Finally, PASA offers a menu of professional development and training opportunities for After Zone providers.
Providence’s mayor, David Cicilline, was able to bring key city players together to plan the initiative, and he leveraged commitments from city departments and the school district to redirect their resources (staff, facilities, funds) to help support the After Zones.
P/PV carried out data collection for this study from February 2008 through March 2009.
A second P/PV report that focuses on how youth participated in After Zone programs, and the relationship of various patterns of participation to youth outcomes, will be published in 2011.
Low-income youth may be particularly vulnerable because their families and communities lack the resources needed to provide quality structured activities during the after-school hours.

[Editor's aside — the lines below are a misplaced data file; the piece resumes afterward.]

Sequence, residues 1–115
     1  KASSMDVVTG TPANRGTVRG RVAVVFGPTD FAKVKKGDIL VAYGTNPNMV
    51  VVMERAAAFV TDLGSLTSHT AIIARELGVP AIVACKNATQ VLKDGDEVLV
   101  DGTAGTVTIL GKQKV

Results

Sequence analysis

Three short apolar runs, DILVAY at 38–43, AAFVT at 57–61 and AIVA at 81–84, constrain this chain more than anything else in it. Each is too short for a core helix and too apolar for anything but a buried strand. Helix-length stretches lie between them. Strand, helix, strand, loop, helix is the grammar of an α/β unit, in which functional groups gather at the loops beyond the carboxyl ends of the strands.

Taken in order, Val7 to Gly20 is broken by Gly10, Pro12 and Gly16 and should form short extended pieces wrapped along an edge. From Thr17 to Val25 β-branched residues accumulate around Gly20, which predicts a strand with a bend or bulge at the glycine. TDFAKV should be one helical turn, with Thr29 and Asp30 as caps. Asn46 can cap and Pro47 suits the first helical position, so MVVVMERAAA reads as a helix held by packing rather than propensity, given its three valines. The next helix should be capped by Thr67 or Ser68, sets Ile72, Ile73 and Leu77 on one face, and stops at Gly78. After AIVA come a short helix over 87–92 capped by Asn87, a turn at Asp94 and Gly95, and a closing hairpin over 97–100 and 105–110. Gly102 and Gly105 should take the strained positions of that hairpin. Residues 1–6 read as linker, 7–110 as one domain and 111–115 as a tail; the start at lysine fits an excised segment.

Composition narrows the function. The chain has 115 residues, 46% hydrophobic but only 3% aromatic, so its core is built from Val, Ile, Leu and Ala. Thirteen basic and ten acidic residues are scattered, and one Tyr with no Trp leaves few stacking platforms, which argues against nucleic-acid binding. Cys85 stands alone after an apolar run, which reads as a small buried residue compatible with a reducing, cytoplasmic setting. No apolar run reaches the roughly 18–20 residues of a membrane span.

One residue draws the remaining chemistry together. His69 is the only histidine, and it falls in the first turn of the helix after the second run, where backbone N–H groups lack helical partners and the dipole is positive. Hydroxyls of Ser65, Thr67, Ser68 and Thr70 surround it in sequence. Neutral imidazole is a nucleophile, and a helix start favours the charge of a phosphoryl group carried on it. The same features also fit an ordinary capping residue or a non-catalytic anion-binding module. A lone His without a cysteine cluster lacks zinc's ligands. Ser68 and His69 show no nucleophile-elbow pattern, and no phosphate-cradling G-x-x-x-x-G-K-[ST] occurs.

Within cities, the rapid growth in OST programs over the past two decades has often resulted in a fragmented landscape of independent efforts with precarious funding and uneven quality.
In planning the initiative, PASA set out to establish a single set of standards that would define high-quality programming and then incorporate these standards in all After Zone offerings.
PASA’s mission is to utilize, coordinate and strengthen existing youth programs and community resources across the city to provide middle school youth with easily accessible, high-quality after-school programs.
The study also examines the extent to which After Zone programs incorporated practices associated with positive youth development.
The research methods were selected to document the early history of PASA and the After Zone initiative as well as the mechanisms PASA put in place to manage, coordinate, strengthen and sustain the citywide network of After Zone providers and to improve the quality of After Zone programs.